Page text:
Lizzie Post, the great-great granddaughter of Emily Post, author, and co-host of The Awesome Etiquette Podcast, has agreed to weigh in on a few travel etiquette questions from a politesse perspective. She's covered good airplane behavior, how to tip at hotels (or Airbnbs!), and even whether you need to hang out with your short-term rental host. Now, Post turns her attention to best practice for when you get a free home for a trip.

By Alex Van Buren
May 12, 2016
Credit: Getty Images

Having a free place to stay is the ultimate money-saving dream scenario for travelers, whether it’s a pied-à-terre in Paris, a house in the Hamptons, or a tiny flat in Tokyo. How do you handle yourself in the wonderful scenarios when no money changes hands? Here are Post’s tips:

What should the houseguest keep in mind above all other things?

“The guest definitely needs to keep in mind that you want to leave the house in as good or better condition than you found it. You don’t snoop, you don’t disturb rooms you don’t need to disturb—which is also going to make life easier when you leave: ‘What can I close off and not worry about and leave completely untouched?’ You want to know any phone numbers, any contacts, so if anything does go wrong you can get in touch with the right person. Ask about things like internet and streaming and anything that’s off-limits. Ask if there’s a cleaning lady or anybody that comes by. The working of the house is good to ask about—‘Is there anything you prefer we don’t use?’”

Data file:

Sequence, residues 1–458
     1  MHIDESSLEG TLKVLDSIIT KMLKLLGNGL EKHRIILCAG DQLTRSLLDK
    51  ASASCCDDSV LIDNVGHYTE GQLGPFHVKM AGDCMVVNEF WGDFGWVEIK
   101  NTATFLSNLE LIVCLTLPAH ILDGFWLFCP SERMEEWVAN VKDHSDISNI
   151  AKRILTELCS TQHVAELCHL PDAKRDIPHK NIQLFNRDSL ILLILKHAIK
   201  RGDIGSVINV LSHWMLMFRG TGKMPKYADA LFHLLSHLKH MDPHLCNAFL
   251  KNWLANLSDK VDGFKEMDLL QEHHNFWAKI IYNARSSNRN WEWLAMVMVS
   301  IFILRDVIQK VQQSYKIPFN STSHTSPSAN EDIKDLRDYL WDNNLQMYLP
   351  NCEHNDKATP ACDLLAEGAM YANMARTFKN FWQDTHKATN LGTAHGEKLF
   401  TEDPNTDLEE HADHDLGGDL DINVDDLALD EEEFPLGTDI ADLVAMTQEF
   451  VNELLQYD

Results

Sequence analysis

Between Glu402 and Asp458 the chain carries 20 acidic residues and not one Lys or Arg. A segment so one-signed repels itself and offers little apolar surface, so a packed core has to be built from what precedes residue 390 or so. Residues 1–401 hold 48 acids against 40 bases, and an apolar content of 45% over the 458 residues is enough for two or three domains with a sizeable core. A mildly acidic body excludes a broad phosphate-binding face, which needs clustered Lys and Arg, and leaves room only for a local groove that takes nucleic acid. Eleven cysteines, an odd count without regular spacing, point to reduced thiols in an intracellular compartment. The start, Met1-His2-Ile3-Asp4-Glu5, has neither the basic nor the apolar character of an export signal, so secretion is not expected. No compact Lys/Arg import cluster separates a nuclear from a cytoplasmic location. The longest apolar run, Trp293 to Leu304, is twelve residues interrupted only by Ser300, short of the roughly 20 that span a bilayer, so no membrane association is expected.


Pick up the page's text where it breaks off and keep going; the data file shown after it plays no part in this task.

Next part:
Should you eat their food and drink their booze, if it’s offered?

“For a weekend visit I would probably be looking to not eat food out of their house, even if they invited me to. Their milk is going to be be theirs Monday morning and they probably don’t want to go shopping Sunday night. I try to be sure I cover my own food. I’m not eating or finishing their stuff—and if I do, I’m going to replace it.

What sort of “thank you” gestures are appropriate?

“I think a written note is really lovely, if you can purchase something while you’re there and leave it for them. Maybe vases with flowers, or a plant for the garden, kitchenware items, or little decorative bowls. If you know them better, get them a really good book. [As for the] note, something like, ‘Thank you so much; this was so amazing; we particularly enjoyed the bladiblah. We would love to return the favor in some way some day.’”

What about food and drink gifts, or restaurant gift certificates?

“Booze [is fine] if you know their taste, or a gift certificate to a restaurant … as long as it’s a sufficient amount so that they could order an entrée or two entrées. Those are great gifts, and great things to leave behind. You could take them out to dinner while you’re there, but if you buy them a gift certificate and don’t want them to use it on you, give it to them on the last day. It keeps them from overthinking it. You don’t want them to awkwardly invite you because you’re there for another three days.”

How much should you spend on a thank you?

“You don’t have to spend $100. I could afford a really pretty vase with flowers or a fabulous cookbook—I can find things in my budget—but I don’t really want to give them a $25 restaurant gift certificate. So keep that in mind.”

Alex Van Buren is a writer living in Brooklyn, New York. Follow her on Twitter and Instagram @alexvanburen.